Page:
Date: 14 Nov 2003

Intravenous treatment of experimental Staphylococcus aureus endophthalmitis: imipenem versus the combination of ceftazidime and amikacin

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Abstract

Background: To compare the efficacy of intravenous (IV) imipenem (IPM) and a combination of IV ceftazidime (CAZ) and amikacin (AN) in the treatment of Staphylococcus aureus endophthalmitis in a rabbit model. Methods: Right eyes of 60 albino rabbits were injected with 1000 colony-forming units of S. aureus intravitreally. After 24 h, treatment with either IV IPM (37.5 mg/kg) every 8 h (n=18) or IV CAZ (50 mg/kg) and AN (10 mg/kg) every 8 hours (n=18) was begun and continued until the animals were killed at the indicated timepoints; 24 control animals received no treatment. The concentration of bacteria in the vitreous from six animals per group was determined microbiologically on days 2, 3, and 5 after infection, and histologic examination was performed on all eyes. Results: The number of eyes with positive cultures on day 5 was lower in the group that received IV IPM (2/6) compared with the IV CAZ/AN group (4/6) and the control group (6/6). For the culture-positive eyes, the bacterial concentrations were significantly lower for the IV IPM group compared with the IV CAZ/AN group on days 2 and 5 (P<0.05 and P<0.0065, respectively), but not on day 3 (P <0.8. Bacterial counts in both treatment groups were significantly lower than in the control group (P<0.005). Eyes in all groups, however, showed severe intraocular inflammation. Conclusions: IV IPM is more effective than is IV CAZ/AN in reducing the number of bacteria in an animal model of S.aureus endophthalmitis.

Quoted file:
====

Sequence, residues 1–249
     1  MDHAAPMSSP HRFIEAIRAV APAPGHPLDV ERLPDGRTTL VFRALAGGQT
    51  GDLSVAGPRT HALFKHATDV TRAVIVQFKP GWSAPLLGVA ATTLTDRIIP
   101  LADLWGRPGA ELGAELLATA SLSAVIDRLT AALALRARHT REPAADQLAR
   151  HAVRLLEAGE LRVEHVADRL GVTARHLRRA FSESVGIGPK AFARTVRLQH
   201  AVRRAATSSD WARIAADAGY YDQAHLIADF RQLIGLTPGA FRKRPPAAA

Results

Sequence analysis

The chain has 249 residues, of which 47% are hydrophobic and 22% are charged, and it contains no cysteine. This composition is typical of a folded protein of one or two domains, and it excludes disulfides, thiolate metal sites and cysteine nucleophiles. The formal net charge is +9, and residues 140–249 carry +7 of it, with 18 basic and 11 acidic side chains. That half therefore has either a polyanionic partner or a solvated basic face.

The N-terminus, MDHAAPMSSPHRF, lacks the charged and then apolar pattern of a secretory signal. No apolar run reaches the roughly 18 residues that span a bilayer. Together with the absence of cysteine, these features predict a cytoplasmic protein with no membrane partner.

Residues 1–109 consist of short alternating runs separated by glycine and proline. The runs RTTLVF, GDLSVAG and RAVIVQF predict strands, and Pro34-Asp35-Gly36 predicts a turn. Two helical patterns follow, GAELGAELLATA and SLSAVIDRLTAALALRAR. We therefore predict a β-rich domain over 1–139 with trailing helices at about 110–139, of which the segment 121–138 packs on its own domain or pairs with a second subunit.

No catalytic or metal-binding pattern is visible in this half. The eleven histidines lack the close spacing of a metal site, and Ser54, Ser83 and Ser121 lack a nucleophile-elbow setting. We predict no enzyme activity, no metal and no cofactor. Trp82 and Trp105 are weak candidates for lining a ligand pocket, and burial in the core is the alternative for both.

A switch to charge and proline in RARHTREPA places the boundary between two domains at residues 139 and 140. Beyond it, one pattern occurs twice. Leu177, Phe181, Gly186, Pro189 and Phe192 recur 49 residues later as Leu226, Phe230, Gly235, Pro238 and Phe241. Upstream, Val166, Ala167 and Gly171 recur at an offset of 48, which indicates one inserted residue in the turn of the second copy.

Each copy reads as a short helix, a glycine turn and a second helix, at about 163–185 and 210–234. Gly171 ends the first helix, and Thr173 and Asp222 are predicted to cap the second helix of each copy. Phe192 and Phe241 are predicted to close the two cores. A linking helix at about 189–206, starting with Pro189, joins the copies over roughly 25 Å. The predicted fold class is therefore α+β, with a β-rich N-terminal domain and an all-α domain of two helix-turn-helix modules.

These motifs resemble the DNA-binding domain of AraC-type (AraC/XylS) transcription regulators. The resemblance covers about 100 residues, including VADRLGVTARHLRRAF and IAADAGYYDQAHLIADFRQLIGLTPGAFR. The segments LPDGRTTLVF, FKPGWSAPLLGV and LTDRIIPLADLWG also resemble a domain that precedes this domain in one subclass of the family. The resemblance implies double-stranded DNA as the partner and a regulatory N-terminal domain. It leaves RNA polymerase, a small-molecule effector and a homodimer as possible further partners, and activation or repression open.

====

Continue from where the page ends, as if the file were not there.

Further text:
This work was presented in part at the annual meeting of the Association for Research in Vision and Ophthalmology, Ft. Lauderdale, Florida, May 1997 and of the Deutsche Ophthalmologische Gesellschaft, Berlin, Germany, October 1997.
The authors have no proprietary interest in any of the products used in this study.
This study contributes to M. Engelbert’s medical dissertation at Ludwig-Maximilians-Universität.
This work was supported in part by the Dr. Georg und Hannelore Zimmermann Foundation, Munich, Germany and the Dr. Helmut und Margarete Meyer-Schwarting Foundation, Bremen, Germany.